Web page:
4. #14
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    Quote Originally Posted by Tungsten dipper View Post
    There is nothing like the Henry Ford Museum. It puts the Smithsonian to shame.
    30 years ago it was fantastic but about 3/4 of what used to be there is now gone. It has gone modern (mostly empty space) and not really worth going to anymore.
    The shortest distance between two points is a circle of infinite diameter.

    Bluewater Model Engineering Society at https://sites.google.com/site/bluewatermes/

  5. #15
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    I had better get a plug for the museum where I do most of my machining: http://www.helicoptermuseum.co.uk/

  6. #16

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    Quote Originally Posted by loose nut View Post
    30 years ago it was fantastic but about 3/4 of what used to be there is now gone. It has gone modern (mostly empty space) and not really worth going to anymore.
    I went to the Smithsonian and the Henry Ford about 5 years ago and the Henry Ford is better! (except for aviation). The Ford has the world's largest Steam collection in the world.

  7. #17
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    I'll have to add Henry Ford museum to my todo-list.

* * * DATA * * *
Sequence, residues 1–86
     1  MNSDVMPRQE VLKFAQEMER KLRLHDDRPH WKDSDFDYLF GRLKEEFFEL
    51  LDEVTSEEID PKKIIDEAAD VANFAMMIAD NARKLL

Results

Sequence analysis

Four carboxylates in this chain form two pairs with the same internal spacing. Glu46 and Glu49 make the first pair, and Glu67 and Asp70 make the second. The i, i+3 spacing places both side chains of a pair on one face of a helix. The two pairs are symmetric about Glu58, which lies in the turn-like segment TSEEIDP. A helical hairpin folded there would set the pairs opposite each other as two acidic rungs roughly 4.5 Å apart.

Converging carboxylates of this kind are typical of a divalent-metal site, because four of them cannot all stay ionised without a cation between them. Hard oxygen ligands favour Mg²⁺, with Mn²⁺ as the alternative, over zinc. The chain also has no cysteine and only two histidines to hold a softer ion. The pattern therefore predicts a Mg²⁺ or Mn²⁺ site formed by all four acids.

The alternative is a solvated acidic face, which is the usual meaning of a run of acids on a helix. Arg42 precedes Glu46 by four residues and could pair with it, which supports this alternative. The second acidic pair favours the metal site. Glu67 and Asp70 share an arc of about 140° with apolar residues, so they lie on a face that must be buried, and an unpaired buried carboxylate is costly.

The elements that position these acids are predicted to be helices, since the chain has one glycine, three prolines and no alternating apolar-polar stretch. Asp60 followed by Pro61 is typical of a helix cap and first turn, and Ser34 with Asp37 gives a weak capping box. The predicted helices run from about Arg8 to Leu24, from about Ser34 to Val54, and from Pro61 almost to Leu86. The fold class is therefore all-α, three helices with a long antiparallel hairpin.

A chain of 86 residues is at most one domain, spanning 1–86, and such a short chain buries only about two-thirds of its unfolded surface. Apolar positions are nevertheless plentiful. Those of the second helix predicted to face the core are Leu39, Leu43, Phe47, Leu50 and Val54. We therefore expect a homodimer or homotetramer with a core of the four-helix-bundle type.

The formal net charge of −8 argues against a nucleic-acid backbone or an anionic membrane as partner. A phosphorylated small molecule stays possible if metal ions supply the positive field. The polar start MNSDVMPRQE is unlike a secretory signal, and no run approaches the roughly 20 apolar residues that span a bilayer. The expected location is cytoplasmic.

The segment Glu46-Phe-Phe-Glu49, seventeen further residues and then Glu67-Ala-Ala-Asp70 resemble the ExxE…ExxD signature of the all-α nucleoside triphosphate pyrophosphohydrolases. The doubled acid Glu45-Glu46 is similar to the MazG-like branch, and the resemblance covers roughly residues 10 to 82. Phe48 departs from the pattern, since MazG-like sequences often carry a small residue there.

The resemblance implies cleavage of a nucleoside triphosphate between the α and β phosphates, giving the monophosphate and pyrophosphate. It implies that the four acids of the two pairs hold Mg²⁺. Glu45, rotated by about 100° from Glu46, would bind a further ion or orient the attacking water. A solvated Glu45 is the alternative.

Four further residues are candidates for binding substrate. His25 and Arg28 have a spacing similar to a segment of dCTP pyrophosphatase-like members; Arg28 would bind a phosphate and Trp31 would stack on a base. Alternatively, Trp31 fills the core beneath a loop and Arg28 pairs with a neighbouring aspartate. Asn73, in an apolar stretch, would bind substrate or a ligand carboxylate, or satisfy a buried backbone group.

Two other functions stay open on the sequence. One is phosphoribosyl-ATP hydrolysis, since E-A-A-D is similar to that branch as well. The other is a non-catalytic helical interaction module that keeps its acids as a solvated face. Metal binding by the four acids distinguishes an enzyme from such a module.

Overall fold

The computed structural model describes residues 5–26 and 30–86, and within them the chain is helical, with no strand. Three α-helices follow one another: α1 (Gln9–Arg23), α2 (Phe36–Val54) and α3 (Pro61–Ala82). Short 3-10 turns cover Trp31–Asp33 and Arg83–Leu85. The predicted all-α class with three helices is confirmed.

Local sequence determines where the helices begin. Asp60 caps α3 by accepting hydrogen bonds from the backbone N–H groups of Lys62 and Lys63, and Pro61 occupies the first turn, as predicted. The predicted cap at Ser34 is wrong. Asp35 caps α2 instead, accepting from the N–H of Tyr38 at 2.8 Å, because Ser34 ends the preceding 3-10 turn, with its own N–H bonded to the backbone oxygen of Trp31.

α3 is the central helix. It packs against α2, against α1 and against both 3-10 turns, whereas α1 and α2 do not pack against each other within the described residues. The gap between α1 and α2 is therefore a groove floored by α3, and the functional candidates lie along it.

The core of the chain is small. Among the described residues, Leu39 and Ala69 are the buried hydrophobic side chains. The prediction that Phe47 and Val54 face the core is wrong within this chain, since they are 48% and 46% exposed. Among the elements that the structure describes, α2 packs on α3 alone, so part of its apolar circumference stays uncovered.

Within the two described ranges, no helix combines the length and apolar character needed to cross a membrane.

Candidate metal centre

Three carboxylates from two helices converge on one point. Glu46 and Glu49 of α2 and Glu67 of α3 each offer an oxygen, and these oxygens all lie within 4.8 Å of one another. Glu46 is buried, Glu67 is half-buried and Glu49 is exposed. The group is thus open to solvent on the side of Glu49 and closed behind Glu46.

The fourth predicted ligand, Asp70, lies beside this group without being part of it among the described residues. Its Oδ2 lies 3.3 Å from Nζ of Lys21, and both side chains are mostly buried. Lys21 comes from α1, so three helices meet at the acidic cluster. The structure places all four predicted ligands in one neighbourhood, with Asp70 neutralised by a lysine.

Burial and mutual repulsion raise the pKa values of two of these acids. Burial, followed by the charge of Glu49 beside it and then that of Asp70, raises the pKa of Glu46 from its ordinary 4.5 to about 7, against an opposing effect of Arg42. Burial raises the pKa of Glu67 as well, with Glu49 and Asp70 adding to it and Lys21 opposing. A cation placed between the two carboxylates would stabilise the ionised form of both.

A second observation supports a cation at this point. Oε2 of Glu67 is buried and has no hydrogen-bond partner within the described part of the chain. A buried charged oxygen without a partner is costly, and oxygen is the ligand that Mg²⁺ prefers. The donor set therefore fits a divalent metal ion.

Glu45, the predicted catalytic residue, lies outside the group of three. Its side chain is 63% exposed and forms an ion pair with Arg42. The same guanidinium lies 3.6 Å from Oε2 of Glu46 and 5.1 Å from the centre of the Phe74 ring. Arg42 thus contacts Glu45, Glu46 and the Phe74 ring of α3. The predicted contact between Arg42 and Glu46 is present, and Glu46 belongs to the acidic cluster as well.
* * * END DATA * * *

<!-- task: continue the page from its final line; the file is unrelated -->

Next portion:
Been to London Natural History Museum and Science Museum, might visit Deutsches Museum(world's largest museum of science and technolog), Deutsches Technikmuseum or Mercedes-Benz museum this winter..
    My father said that he could have spend several days in the Deutsches Museum

  8. #18
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    From a machinery and engine standpoint the Henry Ford is greatly reduced in scope from what it was years ago. The folks in command apparently decided that all that dusty old machinery all "looked the same" to the average visitor, so they thinned out the stock. Back in the 20's old man Henry procured each piece because EACH piece represented some significant (perhaps subtle) advancement in technology. Never the less, if you haven't been... make it a point to visit. Some remarkable machines and tools. The Museum has what is reputed to be the oldest surviving example of a Newcomen atmospheric steam engine... older that anything still in England ( because Henry "procured" it from there).

    Joe B

  9. #19
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    Henry Ford museum is awesome, need two days for it. The Airforce museum in Dayton is awesome. The Smithsonian located next to Dulles Airport is awesome. Museum of Flight is decent. Steam Town in Scranton is decent. Railroad museum in Sacramento is really good too.

  10. #20
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    Sep 2006
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    Quote Originally Posted by JoeCB View Post
    so they thinned out the stock.
    Joe B
    The proper term is decimated. Old Henry is probably turning over in his grave. Or is being roasted on a spit, he wasn't that nice a guy.
    The shortest distance between two points is a circle of infinite diameter.

    Bluewater Model Engineering Society at https://sites.google.com/site/bluewatermes/